“The constitutional authority for states to treat a business as unitary across the globe—not just within the United States—is established by these cases,” said Hellerstein. “The history is clear, they can do it. At this point, it’s a political question, it’s not a legal question.”

Despite California’s victories, the states were heavily criticized by foreign governments and the White House. Under former President Ronald Reagan, the Treasury Department proposed legislation constraining states from levying corporate income taxes on a worldwide unitary basis and imposing a water’s edge limit on combined reporting.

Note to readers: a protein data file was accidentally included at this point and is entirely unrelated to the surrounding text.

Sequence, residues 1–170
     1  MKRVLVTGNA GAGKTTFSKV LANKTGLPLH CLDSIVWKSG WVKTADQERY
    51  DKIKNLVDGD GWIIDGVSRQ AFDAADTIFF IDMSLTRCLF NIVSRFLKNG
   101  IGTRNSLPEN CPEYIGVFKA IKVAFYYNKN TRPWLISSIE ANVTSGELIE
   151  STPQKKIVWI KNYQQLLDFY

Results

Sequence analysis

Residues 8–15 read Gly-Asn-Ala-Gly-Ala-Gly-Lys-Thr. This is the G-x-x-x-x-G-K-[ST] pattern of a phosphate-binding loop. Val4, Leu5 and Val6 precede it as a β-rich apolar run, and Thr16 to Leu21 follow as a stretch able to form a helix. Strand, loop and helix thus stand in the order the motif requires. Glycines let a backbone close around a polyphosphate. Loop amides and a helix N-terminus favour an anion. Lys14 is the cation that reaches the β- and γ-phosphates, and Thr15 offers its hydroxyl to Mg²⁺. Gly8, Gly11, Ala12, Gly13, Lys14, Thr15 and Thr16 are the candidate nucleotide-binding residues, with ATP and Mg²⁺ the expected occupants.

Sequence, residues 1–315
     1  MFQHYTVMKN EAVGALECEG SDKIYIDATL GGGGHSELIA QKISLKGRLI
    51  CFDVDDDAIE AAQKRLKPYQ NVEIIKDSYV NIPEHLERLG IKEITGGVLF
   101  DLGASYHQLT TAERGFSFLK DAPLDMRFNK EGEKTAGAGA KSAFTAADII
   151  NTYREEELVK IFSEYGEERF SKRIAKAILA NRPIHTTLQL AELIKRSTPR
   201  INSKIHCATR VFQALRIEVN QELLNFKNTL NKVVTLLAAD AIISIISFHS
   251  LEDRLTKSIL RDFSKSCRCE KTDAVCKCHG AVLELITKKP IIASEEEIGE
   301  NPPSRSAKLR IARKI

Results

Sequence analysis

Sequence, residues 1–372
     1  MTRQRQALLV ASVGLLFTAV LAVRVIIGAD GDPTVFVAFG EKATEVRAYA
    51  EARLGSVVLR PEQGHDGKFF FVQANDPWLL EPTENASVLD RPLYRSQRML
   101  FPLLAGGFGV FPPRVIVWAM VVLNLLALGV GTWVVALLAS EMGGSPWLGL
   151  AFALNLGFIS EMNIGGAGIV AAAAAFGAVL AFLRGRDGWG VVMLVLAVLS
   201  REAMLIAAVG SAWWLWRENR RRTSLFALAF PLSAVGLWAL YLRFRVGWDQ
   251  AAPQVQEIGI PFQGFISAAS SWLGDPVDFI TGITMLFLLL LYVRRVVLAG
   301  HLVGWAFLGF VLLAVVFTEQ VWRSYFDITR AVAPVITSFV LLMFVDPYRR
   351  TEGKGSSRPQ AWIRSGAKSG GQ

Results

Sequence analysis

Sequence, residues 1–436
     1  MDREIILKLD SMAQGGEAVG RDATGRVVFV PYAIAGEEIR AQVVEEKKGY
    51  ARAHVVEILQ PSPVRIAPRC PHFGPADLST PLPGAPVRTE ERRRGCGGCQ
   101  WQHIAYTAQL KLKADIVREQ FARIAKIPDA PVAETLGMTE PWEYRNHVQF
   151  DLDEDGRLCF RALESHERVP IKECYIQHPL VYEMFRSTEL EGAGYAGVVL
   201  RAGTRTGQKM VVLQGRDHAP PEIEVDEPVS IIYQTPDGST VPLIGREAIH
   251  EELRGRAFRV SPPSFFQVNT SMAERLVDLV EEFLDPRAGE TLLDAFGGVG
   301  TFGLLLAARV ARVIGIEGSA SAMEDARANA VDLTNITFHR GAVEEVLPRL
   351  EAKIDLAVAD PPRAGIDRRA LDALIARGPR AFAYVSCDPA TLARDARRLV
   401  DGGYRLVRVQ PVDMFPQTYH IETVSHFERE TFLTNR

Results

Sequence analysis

No federal law was ever enacted, but the states quickly abandoned the idea, Hellerstein said. No state currently applies worldwide combination without an elective or mandatory water’s edge limitation. Alaska is the only exception, requiring mandatory worldwide combined reporting, but only for oil and gas production companies.

‘A Warning Flag’

Minnesota’s proposal has come under heavy criticism from the Council on State Taxation, which represents the interests of hundreds of US-based multinationals. In a recent letter to lawmakers, the council said Minnesota would be sending “a warning flag to multinational businesses that the state is a hostile environment for business expansion and relocation.”

Republican lawmakers are echoing those views, warning Minnesota will miss out on investment opportunities and suffer “retaliatory moves” by foreign governments—something California had to confront before it finally abandoned mandatory worldwide combined reporting and adopted the water’s edge election.